This post is being written in order to provide a reference and explanation on Unconditional Support that may be required for future posts. On its own it may be of interest to the Financial Community and particularly those involved in approving Credit Risk to Government Owned Arm’s Length Bodies (ALB).
I once worked for a company in South Africa that manufactured closures (bottle tops) for the bottling industry. I recall one day the MD running into my office in a panic and telling me not to process any more orders for Pepsi as they were going bust. Pepsi as you know is a huge global company and I couldn’t believe that they could go bust so quickly without reading about them being in financial difficulties in the press first. This wasn’t global Pepsi though this was Pepsi South Africa Ltd which if memory serves me right was a privately owned franchise of Pepsi in South Africa. Pepsi Inc didn’t own the South African company and they refused to provide the necessary financial support to prevent the local franchise from going bust – which it did.
When financial institutions lend to their counterparties the first step is to assess the credit risk of that counterparty. That is the risk that that counterparty will default on repayments. Every counterparty is assigned a risk rating based on many factors including of course the rating the counterparty is considered to have by the three leading credit risk rating agencies, Moody’s, Standard and Poors and Fitch. On a scale of one to ten, where ten is the least risk, then a counterparty with a ten rating can expect to be granted facilities of a larger amount and at a lower interest rate than the others because the risk of the counterparty defaulting on its obligations to the lender is extremely low.
Each of the three rating companies above tend to specialize in particular fields and Fitch ratings are generally accepted to be the specialists for Governments and their publicly owned entities known as Sovereign Ratings. The following shows the tablature for the ratings that each of the companies use:
As you can see, for Fitch, the least risk is classed as AAA and at the moment only 11 countries in the world have such a high rating. Sadly the UK is not included in those 11 and sits at the very bottom of the High Grade risk at AA-. However banks will still be happy to lend to the UK and purchase their bonds because not only is it high grade but it will attract higher interest rates because it has been downgraded substantially from AAA. Generally speaking, the risk rating of the ultimate parent of the counterparty is the overriding factor taken into account when deciding how much and at what interest rate the financial institution will lend to the counterparty in question. There are of course many exceptions to this but in a global economy it would be almost financial suicide for a parent company not to provide financial guarantees to any borrowing undertaken by one of its subsidiaries. For the most part these guarantees are sought and provided in legally binding documentation before the lending is approved. This is known as guaranteed support.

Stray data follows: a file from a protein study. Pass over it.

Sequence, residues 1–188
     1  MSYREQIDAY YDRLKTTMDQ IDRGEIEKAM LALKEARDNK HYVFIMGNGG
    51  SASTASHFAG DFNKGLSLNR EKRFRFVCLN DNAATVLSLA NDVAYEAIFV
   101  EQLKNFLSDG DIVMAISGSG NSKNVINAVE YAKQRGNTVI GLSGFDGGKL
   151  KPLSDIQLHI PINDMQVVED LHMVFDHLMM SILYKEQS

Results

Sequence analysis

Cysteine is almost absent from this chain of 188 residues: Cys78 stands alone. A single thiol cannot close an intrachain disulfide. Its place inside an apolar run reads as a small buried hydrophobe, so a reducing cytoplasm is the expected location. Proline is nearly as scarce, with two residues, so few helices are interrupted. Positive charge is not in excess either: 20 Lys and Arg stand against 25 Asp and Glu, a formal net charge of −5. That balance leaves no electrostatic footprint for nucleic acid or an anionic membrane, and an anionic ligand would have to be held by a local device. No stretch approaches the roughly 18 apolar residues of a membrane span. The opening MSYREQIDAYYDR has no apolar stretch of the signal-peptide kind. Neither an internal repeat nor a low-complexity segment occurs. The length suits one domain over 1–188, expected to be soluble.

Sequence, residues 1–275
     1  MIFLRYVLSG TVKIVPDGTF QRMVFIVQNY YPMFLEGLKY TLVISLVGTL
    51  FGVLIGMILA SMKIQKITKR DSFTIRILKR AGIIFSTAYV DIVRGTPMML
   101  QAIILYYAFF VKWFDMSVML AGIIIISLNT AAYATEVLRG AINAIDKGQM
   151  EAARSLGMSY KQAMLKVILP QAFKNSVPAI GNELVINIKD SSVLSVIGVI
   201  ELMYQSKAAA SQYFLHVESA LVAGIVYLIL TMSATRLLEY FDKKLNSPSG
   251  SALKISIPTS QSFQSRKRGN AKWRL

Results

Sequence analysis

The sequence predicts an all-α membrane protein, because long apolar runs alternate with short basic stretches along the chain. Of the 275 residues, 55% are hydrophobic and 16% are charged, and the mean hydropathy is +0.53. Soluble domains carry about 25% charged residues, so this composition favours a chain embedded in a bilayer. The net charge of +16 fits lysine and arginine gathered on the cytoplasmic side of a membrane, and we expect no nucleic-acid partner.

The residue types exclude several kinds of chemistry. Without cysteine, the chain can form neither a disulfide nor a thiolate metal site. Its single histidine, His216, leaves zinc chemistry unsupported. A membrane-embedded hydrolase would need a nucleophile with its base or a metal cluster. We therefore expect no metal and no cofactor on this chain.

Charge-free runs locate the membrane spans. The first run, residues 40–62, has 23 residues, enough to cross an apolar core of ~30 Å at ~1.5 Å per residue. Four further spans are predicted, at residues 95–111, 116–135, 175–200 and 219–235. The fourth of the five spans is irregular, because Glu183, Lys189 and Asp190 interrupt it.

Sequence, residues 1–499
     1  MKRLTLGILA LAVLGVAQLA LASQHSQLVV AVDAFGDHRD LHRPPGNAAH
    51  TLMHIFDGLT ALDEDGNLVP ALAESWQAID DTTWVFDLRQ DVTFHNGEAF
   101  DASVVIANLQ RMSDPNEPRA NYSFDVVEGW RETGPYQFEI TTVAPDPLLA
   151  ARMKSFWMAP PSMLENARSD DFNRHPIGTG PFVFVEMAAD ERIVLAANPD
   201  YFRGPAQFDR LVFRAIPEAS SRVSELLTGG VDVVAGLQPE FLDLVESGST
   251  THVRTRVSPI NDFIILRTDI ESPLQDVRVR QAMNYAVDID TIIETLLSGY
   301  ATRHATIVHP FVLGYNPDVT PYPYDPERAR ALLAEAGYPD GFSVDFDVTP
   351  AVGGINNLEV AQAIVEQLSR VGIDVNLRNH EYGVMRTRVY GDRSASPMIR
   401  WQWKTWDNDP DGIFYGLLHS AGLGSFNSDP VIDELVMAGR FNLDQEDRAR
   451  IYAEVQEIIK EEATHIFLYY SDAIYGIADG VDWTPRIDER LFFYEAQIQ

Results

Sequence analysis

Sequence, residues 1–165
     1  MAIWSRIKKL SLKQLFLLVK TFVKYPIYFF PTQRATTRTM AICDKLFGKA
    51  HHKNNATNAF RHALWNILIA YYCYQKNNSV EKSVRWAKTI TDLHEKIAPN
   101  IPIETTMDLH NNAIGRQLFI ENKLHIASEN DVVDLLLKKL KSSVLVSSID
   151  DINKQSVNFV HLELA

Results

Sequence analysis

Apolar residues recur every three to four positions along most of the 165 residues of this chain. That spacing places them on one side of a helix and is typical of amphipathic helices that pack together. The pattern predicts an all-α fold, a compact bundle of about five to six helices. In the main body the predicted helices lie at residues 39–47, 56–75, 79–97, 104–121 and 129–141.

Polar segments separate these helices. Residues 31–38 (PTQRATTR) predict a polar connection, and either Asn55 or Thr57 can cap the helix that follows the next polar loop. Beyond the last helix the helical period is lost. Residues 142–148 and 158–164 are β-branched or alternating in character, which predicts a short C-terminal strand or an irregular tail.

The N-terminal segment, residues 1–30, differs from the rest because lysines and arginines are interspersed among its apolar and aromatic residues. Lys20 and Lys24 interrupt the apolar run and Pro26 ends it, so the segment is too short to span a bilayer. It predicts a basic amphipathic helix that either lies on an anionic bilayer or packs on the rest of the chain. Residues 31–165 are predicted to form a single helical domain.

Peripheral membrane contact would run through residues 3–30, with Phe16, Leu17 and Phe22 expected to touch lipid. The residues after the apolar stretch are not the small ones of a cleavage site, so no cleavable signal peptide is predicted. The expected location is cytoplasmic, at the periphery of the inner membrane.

There are however instances, particularly with Government owned entities, where legally binding documented guarantees are not sought by the financial institution. This is because it is accepted and understood that the Government in question would not under any circumstances allow their wholly owned entity to fail, such as Post Office Ltd. If Post Office Ltd were to approach a bank for a loan they would most likely be offered a significant discount on the interest rate payable and a hefty increase in the amount they could borrow based on their ownership by the Government. Nowhere of course would there be any documentation saying that the Government would not allow POL to fail but you can just imagine the public outcry if it were to do so and POL went under.
Well the UK Government it seems, has withdrawn unconditional support for POL. They have ALLEGEDLY refused to provide them with the necessary funds to pay off the settlement and legal fees to the claimants and I can only presume they will extend this to the future compensation payments coming up from the overturned convictions as well as the ever growing Historical Shortfall Scheme. This move is extremely significant because in the first instance, POL can no longer rely on any FI providing discount in lending terms to them based on Government ownership. Given POL’s accounts, historical losses and future prospects on the High St, and having worked in Credit Risk myself I would say POL ‘should’ be classed as Speculative risk. I say ‘should’ because of course I am not naive enough not to consider a quick unofficial phone call from a senior civil servant to the banks’ CEOs could swing things in POL’s favour.
Secondly though, quick words in ears do not and cannot carry favour with ratings agencies. If that were ever found out not to be the case then that agency would lose its credibility overnight. So should Fitch for instance ever be asked to provide a Risk Rating for POL in the future then they will need to take into account the publicly stated withdrawn support for POL from the UK Government and that wouldn’t look good for other UK Government owned entities.
Finally I would draw readers attention to the statement by POL’s legal team to the GLO Court and Justice Fraser that an unfavourable outcome (that being the payment of a large settlement and legal fees) would result in an existential risk to Post Office Ltd. In their own words it can be inferred that the Government had told them they, the government, were prepared to let POL go under. A very significant withdrawal of unconditional support!